Why Bad Customer Service Won’t Go Way

Anthony Dukes, Yi Zhu

Some of the most hated companies in the U.S. are also the most profitable.

Much of this consumer resentment may stem from poor customer service. In fact, most Americans have fought with phone menus, desperately seeking a live service agent to seek a refund.

In 2013, Americans spent an average of 13 hours disputing a purchase or resolving a problem with customer service.

As professors of marketing, we have examined why customer service continues to be so unsatisfactory even at many profitable companies.

Is good customer service unattainable?

Our research focuses on the structure and incentives of various customer service centers to explain why consumers perpetually experience hassles when seeking refunds.

What we found is not encouraging.

Many complaint processes are actually designed to help companies retain profits by limiting the number of customers who can successfully resolve their complaints.

The process involves a tiered structure in which all incoming inquiries start at “Level 1.” Level 1 may be a call center operator who listens to a complaint but acknowledges that there is nothing he can do.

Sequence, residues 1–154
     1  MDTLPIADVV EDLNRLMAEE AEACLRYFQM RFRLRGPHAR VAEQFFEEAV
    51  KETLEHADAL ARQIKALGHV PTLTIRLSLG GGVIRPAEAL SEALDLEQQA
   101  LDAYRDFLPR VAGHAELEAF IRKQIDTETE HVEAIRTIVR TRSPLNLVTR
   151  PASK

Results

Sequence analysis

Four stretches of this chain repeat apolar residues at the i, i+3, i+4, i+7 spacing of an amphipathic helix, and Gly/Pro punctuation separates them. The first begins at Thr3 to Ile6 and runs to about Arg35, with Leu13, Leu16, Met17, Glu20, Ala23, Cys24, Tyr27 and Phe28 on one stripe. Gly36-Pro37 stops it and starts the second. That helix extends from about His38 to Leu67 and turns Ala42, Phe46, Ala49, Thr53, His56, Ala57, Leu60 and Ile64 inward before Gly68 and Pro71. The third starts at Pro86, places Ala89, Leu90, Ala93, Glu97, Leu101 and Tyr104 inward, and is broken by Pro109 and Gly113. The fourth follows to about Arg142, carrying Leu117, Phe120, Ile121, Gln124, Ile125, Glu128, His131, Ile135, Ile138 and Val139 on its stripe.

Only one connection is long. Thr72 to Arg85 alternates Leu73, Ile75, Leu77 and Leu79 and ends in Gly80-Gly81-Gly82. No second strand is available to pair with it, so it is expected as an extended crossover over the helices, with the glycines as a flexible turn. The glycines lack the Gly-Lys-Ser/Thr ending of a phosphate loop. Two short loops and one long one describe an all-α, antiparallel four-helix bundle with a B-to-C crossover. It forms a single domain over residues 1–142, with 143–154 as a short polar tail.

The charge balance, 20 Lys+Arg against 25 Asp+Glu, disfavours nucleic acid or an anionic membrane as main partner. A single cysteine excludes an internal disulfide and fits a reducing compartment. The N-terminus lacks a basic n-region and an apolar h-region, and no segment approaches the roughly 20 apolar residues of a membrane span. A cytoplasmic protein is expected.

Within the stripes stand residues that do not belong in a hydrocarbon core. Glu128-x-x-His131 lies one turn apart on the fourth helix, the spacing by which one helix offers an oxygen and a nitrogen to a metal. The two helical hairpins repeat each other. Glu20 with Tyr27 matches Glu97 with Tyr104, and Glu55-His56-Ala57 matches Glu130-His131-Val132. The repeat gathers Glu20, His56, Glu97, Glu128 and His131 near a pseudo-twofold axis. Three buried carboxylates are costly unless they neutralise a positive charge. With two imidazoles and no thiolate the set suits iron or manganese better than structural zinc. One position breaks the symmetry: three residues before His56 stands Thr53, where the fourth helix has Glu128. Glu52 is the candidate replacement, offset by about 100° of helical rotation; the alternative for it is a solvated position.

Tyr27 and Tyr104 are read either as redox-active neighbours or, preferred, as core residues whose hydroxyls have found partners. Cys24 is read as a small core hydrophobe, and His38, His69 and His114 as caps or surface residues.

Only by insisting to talk to a manager or threatening to leave the company do consumers come closer to obtaining a refund.

Forcing customers to talk to a computer, circulate through phone menus or sit on hold “while serving other customers” serves the same deterring role as that Level 1 call-center agent.

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By design, Level 1 agents are limited in their authority to compensate customers.

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